<< Front page News May 14, 2004

Tenure positions filled

Eight new tenure track positions were filled in the Arts and Sciences division this year. All positions are replacements for other tenure-track faculty who have either retired or resigned.

“This is an exceptional group of new faculty who will be excellent teachers and scholars,” Dean of Arts and Sciences Clayton Koppes said. “They come from the best graduate programs and exhibit those qualities of intellectual engagement and desire to teach that are the hallmark of Oberlin faculty. All are our first choices. It’s also gratifying that two are Asian-American.”

Warren Liu will teach an English first-year seminar on L.A. and popular culture in the fall and a course on contemporary comparative American ethnic literature in the spring. Liu is the third professor hired to replace the four faculty members the English department has lost in the last three years.

Grace An will teach a survey of French cinema in the fall and a course on the French New Wave in the spring.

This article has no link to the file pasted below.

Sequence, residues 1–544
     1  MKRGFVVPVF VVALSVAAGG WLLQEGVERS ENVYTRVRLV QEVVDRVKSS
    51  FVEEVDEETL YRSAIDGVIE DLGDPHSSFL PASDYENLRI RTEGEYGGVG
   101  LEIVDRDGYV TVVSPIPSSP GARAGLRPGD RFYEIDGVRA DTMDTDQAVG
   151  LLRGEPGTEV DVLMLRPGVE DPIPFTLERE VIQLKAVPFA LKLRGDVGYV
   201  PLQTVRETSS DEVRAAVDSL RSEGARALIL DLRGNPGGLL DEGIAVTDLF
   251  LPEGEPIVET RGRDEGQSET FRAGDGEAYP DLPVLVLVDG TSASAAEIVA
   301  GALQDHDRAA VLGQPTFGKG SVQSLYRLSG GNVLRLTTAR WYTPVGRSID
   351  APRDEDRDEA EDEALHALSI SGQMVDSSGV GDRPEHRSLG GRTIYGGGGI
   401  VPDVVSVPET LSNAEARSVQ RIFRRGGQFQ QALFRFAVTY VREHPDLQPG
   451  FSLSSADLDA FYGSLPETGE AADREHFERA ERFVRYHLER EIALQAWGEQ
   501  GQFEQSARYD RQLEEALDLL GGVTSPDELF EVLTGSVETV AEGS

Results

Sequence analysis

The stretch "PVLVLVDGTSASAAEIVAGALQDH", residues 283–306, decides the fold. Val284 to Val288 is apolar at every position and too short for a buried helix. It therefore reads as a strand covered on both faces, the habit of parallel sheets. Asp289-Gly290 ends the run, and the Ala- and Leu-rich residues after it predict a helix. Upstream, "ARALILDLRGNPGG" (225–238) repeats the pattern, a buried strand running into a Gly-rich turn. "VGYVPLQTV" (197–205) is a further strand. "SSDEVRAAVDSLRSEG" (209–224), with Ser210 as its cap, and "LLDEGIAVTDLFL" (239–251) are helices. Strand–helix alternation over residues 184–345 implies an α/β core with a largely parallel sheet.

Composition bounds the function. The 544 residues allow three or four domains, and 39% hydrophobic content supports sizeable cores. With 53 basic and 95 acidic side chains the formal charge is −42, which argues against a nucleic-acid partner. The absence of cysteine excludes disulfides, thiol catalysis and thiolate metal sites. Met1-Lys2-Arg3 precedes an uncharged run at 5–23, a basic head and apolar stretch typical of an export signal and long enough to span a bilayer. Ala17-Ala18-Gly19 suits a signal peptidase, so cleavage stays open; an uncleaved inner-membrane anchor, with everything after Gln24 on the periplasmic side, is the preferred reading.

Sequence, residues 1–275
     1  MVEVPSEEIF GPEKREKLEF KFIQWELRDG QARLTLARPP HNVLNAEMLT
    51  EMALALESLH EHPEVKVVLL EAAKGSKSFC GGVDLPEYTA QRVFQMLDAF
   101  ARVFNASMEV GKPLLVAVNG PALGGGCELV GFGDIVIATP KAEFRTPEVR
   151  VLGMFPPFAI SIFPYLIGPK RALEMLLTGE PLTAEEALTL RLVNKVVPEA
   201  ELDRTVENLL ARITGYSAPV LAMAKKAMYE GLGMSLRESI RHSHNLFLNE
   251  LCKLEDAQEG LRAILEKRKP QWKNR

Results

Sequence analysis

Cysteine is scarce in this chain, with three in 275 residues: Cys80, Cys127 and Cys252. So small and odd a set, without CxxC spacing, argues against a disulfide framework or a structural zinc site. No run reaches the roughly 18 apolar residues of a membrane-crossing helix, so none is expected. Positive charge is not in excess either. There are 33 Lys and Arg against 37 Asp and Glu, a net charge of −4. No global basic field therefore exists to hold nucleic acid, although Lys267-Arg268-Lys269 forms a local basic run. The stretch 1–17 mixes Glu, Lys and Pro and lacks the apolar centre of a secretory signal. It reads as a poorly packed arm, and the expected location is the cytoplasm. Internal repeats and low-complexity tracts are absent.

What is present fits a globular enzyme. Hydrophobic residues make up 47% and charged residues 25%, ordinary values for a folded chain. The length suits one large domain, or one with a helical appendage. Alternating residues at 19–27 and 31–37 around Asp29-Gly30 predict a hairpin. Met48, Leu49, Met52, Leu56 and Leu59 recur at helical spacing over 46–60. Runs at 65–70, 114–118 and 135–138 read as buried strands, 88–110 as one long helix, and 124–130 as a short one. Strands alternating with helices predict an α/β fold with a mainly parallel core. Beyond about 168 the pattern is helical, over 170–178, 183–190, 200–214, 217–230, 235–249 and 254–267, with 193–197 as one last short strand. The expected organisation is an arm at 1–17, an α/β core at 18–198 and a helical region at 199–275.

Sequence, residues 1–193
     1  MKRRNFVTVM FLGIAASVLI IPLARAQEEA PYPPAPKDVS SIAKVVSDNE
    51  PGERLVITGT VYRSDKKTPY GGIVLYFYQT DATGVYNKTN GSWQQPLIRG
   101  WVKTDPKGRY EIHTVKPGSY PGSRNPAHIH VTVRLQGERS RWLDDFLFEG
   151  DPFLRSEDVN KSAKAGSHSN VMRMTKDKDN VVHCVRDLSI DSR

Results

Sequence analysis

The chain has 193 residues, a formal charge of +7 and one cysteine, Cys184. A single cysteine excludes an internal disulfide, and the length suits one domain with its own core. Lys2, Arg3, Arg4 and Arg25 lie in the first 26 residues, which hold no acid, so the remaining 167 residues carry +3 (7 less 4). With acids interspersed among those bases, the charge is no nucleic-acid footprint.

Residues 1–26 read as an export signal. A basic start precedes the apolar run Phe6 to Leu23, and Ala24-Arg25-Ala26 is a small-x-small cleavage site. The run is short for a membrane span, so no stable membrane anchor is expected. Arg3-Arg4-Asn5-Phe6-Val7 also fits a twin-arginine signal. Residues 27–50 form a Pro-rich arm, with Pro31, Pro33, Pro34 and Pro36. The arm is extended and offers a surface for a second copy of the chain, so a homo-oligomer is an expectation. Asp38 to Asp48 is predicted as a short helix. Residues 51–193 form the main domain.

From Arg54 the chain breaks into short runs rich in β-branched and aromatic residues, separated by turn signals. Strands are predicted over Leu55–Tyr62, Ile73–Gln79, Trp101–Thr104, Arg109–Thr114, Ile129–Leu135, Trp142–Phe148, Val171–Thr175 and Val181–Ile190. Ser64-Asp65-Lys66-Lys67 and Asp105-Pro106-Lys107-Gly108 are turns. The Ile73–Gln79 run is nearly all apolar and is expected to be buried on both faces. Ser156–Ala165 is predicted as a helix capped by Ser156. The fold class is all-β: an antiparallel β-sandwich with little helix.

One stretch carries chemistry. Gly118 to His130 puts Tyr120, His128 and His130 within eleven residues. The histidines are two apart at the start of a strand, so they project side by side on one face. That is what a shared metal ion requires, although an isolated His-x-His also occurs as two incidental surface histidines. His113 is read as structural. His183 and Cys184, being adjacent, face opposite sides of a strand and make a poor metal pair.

“We’re very excited,” French Department Chair Janice Zinser said. “For someone who’s just got her Ph.D, she already has a healthy record of teaching film theory and French film.”

Peter Thomas will teach applied mathematics in the fall through a course in computational neuroscience and will offer courses in mathematical biology and mathematical physics in the future.

Professors on a tenure track are generally reviewed for reappointment in their third year of teaching. If they are reappointed, the decision on whether to grant tenure is usually made in the sixth year.

Koppes said there were many important reasons for granting tenure.

“Tenure has historically been a very important guarantee of academic freedom,” Koppes said. “The essence of the academy is that anyone should be able to follow the truth where they believe it leads and be able to express their views accordingly. Tenure is the standard that all respectable academic institutions use for the bulk of their faculty. If we were not to offer tenure, we would not be able to attract anything like the quality of faculty we have.”

Koppes said it was important to resist the trend among institutions to make long-term appointments of professors not eligible for tenure.

“Generally speaking, faculty you hire who are not on a tenure track will not have the same quality as tenure track faculty,” Koppes said. “The institution has less commitment to them and they have less of a commitment to the institution.”

Tenure track professors have also been hired in biology, chemistry, history, physics and psychology.


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